Meridian Industrial


6/1/2024 | HOPE E. TREMBLAY


Rebecca Sadlowski has always had at least one hand in the dirt.

Sadlowski, the owner of Rooted Flowers farm in Agawam, said growing up in Hatfield she was working on local farms at age 10.

“I was always told not to grow up to be a farmer because all you do is work and make no money,” she said.

Luckily, Sadlowski didn’t listen.

“I went to college and was a dental hygienist, but I always had my fingers in agriculture,” Sadlowski said. “I worked on dairy farms and tobacco farms and had my own little vegetable farm that I rented and opened a farm stand while I was still in dentistry.”

Sadlowski said in Hatfield there’s a farm stand on practically every corner, so she wanted hers to stand out. “I decided to have veggies and flowers,” she said. “I wanted people to come see a rainbow of vegetables and flowers.”

Sadlowski began creating flower arrangements and décor for small events for family and friends. This led to researching more about growing flowers and where they come from. She was surprised to learn that most flowers sold in New England were grown in South America and California.

“I was engaged in the farm to table concept and I wantedbto bring locally grown flowers to florists,” she said. Because of the New England weather and short growing season for native flowers, Sadlowski found it was impossible to supply florists because she could not guarantee the blooms they needed.

“I could guarantee a palette, but not the actual flower,” she said.

This prompted her to sell local flowers online and her event business grew. She captured a younger clientele who loved the idea of locally grown, seasonal flowers in their chosen color palette. She and her husband Albert began looking for their own land to farm and to grow the business. Albert visited land for sale in Agawam and called Sadlowski to say it was perfect. Without seeing it for herself, she told him to make an offer.

“He has more confidence in me than anyone,” Sadlowski said of her husband.

The couple bought what became Rooted Flowers farm at 501 Shoemaker Ln. when Sadlowski was nine months pregnant with their daughter Mary.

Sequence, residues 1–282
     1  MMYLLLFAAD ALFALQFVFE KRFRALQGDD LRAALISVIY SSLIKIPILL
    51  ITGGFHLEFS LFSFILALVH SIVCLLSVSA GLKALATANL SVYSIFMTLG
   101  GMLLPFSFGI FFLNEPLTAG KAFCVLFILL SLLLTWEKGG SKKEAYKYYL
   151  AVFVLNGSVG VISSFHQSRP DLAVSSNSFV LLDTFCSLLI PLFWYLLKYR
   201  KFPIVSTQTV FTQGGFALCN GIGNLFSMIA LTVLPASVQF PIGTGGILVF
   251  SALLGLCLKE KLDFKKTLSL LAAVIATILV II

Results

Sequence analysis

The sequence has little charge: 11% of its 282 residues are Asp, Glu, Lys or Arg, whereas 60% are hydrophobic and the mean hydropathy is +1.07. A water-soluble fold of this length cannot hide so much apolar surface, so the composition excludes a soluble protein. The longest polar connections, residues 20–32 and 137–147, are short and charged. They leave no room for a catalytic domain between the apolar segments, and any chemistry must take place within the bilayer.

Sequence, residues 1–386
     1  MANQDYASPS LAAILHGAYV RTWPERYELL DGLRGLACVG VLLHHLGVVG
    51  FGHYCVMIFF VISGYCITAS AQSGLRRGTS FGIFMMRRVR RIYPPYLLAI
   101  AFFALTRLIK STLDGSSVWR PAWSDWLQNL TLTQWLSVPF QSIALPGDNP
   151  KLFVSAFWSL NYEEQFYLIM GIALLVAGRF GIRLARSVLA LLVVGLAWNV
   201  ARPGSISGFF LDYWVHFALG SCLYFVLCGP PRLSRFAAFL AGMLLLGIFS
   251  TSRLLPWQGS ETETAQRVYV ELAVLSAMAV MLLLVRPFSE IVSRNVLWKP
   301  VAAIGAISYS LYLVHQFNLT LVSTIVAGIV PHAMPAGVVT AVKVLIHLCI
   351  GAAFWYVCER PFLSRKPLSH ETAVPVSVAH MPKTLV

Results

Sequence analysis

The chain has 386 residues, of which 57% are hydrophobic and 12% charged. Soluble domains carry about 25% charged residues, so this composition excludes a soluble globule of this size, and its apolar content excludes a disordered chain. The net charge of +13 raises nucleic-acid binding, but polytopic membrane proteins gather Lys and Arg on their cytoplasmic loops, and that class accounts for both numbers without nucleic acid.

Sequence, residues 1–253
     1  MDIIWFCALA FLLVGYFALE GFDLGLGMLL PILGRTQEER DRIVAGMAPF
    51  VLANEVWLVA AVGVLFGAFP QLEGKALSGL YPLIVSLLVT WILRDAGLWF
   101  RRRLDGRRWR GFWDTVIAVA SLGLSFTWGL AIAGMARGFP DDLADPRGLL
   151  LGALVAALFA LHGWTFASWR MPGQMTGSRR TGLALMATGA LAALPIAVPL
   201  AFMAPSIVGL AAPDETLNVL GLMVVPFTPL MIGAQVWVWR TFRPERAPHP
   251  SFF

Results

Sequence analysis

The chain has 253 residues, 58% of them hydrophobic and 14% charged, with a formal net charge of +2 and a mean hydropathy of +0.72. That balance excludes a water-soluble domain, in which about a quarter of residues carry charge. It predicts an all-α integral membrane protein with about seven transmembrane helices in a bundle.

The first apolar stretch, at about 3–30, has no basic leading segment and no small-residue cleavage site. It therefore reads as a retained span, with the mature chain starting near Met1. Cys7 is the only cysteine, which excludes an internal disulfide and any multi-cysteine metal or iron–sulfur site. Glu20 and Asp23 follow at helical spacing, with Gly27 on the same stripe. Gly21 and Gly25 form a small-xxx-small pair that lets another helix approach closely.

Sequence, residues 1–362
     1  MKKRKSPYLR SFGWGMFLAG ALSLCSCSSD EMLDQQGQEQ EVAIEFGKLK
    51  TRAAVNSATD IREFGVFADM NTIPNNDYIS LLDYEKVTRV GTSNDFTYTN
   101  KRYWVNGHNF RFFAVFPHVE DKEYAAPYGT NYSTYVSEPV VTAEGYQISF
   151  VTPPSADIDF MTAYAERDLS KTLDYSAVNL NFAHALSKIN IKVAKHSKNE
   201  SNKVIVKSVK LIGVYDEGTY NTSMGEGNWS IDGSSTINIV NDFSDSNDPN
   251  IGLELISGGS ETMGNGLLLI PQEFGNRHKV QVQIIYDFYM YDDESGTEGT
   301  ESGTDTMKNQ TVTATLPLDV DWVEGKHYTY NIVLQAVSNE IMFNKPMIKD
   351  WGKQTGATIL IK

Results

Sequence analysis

Sadlowski and Albert, along with daughters Mary and Julia — and faithful canine farmhand/protector Lyle — worked the dirt for nearly a year and opened at the start of the coronavirus pandemic. The plan, said Sadlowski, took a turn and she found herself once again with a farm stand.

“When the pandemic hit, we started a self-serve farm stand,” she said. “It wasn’t what we planned, but it was survival. We had a mortgage payment and flowers, but all the weddings were cancelled so we started with online sales and deliveries and after Mother’s Day opened the self-serve farm stand.”

The farm stand took off by word of mouth and remains popular with customers today. Sadlowski always has bouquets and people can place orders online and they will be at the stand to pick up.

“You can even go online and order a corsage or boutonniere for prom and pick it up,” Sadlowski said. Sadlowski posts sample arrangements on that can be ordered and picked up at the farm stand. She said she changes the options frequently based on what flowers she has available.

“People can order corsages and boutonnieres 10 days in advance because I feel confident they’re going to get what I’m showing for 10 days,” said Sadlowski. “The flower harvest changes at around two weeks.”

Rooted Flowers is set apart from other floral businesses not only because they grow all their own flowers, but also because of the workshops Sadlowski offers, including ones on seed starting, building  raised gardens, creating hand-tied bouquets and a centerpiece workshop.

“This year I will open up more fall workshops,” Sadlowski said.

Sadlowski is happy to share her knowledge with others and although the farm is not open to the general public, she offers a shadowing session of “behind-the-scenes flower farming.” Participants will spend an entire day working on the farm with her and can ask questions. She said she designed this for people interested in farming to see what it’s really like.

Sadlowski said while the advice she was given early in life about farming didn’t deter her from making her dream come true, there was some truth to it, especially the work part. Her family spent the better part of a year just getting the land cleared and ready, growing the flowers, planning and working the farm every day. Her daughter Mary, now 5, and her 2-year-old Julia are growing up on the farm and already working hard, but to them, it’s all fun.

“Mary can make corsages and has a good eye,” Sadlowski said with pride. “She can go out and harvest tulips for hours.”

It was Mary’s love of working in her own little cut garden that inspired Sadlowski to encourage other parents to create their own gardens for their children and she sells a ready-to-plant cut garden package to get them started.

Although Sadlowski never thought she would make her living farming flowers, she loves the life she has built with her family and wouldn’t change it.

“I’m proud of the younger version of myself,” she said.

“It was life-changing to take this all on. There were sacrifices and hardships, but I feel like we just got started and there’s much more to be done.”



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